Had Labour’s 1997 election manifesto set a target of cutting child poverty by 20 per cent in the first term, cynics would have said it couldn’t be done. Yet to surprisingly little fanfare, just two years after the election, the policies are now in place to do exactly that. Rising child benefit, the minimum wage, the working families tax credit and other reforms mean that more than 700,000 children are being lifted above the relative poverty threshold.
The government still has a long way to go, though. When Labour took office, around four million children were living below that poverty threshold (that is, they live in households who survive on half the average income). In a speech earlier this year, Tony Blair set a target of abolishing child poverty completely within 20 years. To achieve that target, Labour needs to build on the policies already in place – but also to confront some of the causes of poverty which are rooted in the British class system.
Anachronistic as the language may sound, the facts are compelling. Children whose parents are in the top 25 per cent of earners are four times more likely to become top earners themselves than the children of parents in the bottom 25 per cent. Tackling poverty and building a fairer society means dismantling the class system, too.
Since the election, much of the government’s focus on tackling the long-term causes of poverty and inequality has rightly been on education and employment. As a recent report published by the Treasury demonstrates, the great increase in the number of children growing up in poverty since 1979 is closely tied to the increase in the number of working-age households in which no one is employed.
At the same time, educational qualifications have become a far more important determinant of people’s chances in life: the earnings gap between those who leave school at 16 and those who stay on has risen from 40 per cent in the 1970s to 60 per cent in the 1990s.
The growing importance of educational qualifications has encouraged some to suggest that class is now irrelevant. Family background, though, still has a big impact on children’s lives. This is no isolated phenomenon applying to an “excluded underclass”. The children of doctors do better than the children of clerical workers, who in turn do better than the sons and daughters of the unemployed.
According to the Treasury report, by the time children are 22 months old, the sons and daughters of professionals are 14 per cent further along the educational development scale than the toddling offspring of low-skilled workers.
Even where children’s early education achievements are identical, their chances of fulfilling their potential are not. Eleven year olds with identical test scores end up in better jobs if their parents are better educated. The 16 year olds with identical exam results are more likely to stay on at school if their parents did so before them. And teenagers with identical A-level qualifications still do better later on if their parents are middle class rather than working class.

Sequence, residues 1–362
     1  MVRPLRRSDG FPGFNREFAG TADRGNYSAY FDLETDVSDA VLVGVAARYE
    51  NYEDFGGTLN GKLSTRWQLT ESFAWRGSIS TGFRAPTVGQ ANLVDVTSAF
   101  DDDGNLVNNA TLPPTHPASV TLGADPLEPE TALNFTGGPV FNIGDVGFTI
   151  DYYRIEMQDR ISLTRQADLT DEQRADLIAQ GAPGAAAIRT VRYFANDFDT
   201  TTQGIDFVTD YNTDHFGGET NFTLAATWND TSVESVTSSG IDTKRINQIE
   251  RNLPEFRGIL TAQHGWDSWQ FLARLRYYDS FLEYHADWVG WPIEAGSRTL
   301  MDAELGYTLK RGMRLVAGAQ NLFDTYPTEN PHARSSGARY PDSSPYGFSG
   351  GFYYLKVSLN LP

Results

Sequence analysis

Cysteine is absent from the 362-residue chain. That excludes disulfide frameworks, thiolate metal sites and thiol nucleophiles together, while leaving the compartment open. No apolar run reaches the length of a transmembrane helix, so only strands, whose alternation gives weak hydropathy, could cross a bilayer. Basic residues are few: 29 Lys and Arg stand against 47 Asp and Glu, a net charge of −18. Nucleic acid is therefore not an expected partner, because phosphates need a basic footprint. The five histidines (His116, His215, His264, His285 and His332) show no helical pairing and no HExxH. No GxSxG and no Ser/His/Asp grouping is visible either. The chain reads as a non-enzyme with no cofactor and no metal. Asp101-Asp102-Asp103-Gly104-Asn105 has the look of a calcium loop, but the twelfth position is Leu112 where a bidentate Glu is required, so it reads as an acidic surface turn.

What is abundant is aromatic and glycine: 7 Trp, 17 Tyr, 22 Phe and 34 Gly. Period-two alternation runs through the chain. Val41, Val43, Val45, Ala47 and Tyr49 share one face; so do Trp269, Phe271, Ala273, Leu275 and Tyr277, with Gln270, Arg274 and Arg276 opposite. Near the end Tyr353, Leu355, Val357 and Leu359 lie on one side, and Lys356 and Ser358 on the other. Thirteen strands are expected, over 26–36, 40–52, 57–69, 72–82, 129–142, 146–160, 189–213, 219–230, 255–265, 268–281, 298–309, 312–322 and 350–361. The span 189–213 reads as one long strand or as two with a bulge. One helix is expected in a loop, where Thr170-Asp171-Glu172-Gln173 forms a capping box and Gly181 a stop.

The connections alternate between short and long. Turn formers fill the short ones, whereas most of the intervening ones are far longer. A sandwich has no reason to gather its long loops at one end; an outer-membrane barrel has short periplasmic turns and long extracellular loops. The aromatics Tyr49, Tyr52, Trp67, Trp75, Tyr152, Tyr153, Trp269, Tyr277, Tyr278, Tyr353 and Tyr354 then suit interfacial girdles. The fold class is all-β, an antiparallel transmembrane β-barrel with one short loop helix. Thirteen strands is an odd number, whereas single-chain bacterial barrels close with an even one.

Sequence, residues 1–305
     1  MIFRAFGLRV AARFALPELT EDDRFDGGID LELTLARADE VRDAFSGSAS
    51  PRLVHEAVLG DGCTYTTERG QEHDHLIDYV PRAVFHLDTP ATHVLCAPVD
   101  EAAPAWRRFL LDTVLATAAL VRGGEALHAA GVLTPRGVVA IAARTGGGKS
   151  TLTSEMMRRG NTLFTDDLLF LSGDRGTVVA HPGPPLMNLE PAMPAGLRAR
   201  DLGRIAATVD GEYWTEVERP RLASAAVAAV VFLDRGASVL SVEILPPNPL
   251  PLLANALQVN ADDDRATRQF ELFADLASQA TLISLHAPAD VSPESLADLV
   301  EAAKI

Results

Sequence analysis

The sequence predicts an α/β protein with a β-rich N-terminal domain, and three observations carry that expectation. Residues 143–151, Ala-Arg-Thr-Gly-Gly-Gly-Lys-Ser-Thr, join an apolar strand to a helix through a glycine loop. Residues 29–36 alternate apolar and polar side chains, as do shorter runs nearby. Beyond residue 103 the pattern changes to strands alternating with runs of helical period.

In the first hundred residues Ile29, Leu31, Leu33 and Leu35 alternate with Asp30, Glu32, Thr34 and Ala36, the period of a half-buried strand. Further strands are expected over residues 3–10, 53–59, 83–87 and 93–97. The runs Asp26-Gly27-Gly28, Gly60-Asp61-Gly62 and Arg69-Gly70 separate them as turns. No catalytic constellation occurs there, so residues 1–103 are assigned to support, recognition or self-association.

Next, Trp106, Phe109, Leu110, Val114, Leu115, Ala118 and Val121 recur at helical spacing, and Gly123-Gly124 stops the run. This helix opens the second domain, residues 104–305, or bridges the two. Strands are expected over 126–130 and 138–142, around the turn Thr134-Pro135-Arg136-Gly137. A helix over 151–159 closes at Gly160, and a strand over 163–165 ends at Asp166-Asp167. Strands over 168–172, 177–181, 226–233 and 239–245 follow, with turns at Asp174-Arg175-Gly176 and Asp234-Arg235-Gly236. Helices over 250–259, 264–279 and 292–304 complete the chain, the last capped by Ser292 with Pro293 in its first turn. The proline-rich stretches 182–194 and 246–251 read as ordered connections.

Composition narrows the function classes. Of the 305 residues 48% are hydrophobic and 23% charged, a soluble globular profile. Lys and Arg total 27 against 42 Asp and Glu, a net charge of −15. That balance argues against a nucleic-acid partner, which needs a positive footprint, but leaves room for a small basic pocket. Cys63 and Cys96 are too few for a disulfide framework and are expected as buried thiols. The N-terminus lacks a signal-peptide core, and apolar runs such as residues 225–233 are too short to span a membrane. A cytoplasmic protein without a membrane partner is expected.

The best way to keep children out of poverty in 20 years’ time is to boost their parents’ education today. Policies such as Sure Start, Education Action Zones and the New Deal are already focusing help on those who don’t get the opportunities they need. For that 20-year target to be met, the additional resources flowing to education in future must increasingly root out the disadvantages that children from low-skilled and low-income backgrounds still face.
But the impact of family background on poverty and children’s life chances goes beyond the education system. According to research by the academics Gordon Marshall and Adam Swift, middle-class children with very low qualifications still stand a 23 per cent chance of getting a middle-class job, compared to only 7 per cent for low-qualified working-class children. Could it be that the right kind of contacts and accent still get people into jobs regardless of their ability or qualifications?
Financial support matters, too. Even after taking account of the impact of parents’ education and employment, children from low-income families do less well: recent research from the Rowntree Foundation confirms that poverty lowers children’s aspirations about everything from birthday presents to future careers.
Raising the level of income in families with children is vital if we are to keep that 20-year target in our sights. The most powerful way to do that is to help parents into work.
Among the biggest gainers from Labour’s budgets so far is the one-earner couple with two children currently on around £11,000 a year. Once all the pipeline measures come into effect, that family will be better off by more than £2,000 a year. Where work isn’t an option, it is necessary to raise benefit levels for families with children, too. The government’s decision substantially to raise child benefit and the income support premium for under-11s was the right way forward.
The Labour government’s progress in confronting poverty is far greater than most people predicted. But the scale of the problem remains vast. Only an end to the relative poverty that families face today will give children fair opportunities for the future. And only if Britain tackles the persistent links between the social and economic status of one generation and the fortunes of their offspring will we build a just society. This has been the dream of the Labour movement for more than a century. It remains the defining challenge for the Labour government today.
The author is Labour MP for Pontefract and Castleford